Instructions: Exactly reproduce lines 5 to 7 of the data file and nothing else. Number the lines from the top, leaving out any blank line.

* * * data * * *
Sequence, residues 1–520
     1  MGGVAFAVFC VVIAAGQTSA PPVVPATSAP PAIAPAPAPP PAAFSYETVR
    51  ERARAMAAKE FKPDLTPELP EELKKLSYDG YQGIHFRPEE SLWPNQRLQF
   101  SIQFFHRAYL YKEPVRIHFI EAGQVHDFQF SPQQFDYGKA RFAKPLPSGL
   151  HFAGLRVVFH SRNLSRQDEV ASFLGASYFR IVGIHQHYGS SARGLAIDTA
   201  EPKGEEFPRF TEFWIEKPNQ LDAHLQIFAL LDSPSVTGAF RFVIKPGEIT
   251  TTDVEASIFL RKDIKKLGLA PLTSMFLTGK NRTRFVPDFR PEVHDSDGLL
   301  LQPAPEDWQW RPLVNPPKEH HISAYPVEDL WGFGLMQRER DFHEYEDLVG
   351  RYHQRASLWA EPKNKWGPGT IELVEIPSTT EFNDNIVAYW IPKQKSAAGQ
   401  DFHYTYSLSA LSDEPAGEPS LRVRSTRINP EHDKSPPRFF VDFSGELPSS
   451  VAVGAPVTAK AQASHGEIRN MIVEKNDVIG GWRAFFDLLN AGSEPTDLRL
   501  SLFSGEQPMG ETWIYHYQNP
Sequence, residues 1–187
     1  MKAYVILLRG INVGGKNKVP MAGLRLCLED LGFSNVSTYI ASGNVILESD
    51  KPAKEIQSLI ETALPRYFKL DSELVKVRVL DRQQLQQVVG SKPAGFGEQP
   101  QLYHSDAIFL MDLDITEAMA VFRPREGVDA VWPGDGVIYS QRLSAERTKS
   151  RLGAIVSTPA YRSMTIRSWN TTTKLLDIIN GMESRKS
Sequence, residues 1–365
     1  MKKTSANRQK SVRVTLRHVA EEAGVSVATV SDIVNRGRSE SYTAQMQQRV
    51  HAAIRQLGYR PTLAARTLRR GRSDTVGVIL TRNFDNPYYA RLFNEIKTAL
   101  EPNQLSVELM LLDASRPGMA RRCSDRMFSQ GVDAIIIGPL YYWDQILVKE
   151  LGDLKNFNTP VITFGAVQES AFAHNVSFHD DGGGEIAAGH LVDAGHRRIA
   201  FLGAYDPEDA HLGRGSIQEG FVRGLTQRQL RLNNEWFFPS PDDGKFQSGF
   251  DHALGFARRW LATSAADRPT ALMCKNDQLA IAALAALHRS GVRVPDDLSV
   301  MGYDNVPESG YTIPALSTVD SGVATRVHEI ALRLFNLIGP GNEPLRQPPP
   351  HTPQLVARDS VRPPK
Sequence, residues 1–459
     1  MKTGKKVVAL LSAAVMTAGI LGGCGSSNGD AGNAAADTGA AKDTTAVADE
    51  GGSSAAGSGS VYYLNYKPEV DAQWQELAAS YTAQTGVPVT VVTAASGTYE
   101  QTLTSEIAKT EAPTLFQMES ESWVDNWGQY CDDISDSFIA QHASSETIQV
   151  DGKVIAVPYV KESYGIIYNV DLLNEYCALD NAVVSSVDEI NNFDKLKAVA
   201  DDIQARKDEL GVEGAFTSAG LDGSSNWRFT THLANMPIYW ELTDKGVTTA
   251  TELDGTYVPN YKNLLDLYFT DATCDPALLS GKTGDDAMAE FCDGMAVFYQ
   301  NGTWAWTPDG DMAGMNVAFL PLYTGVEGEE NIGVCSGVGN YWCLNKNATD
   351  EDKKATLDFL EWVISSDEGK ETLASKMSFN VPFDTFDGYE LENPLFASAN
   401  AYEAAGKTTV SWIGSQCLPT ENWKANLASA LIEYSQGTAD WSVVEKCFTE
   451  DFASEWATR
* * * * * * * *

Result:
   151  HFAGLRVVFH SRNLSRQDEV ASFLGASYFR IVGIHQHYGS SARGLAIDTA
   201  EPKGEEFPRF TEFWIEKPNQ LDAHLQIFAL LDSPSVTGAF RFVIKPGEIT
   251  TTDVEASIFL RKDIKKLGLA PLTSMFLTGK NRTRFVPDFR PEVHDSDGLL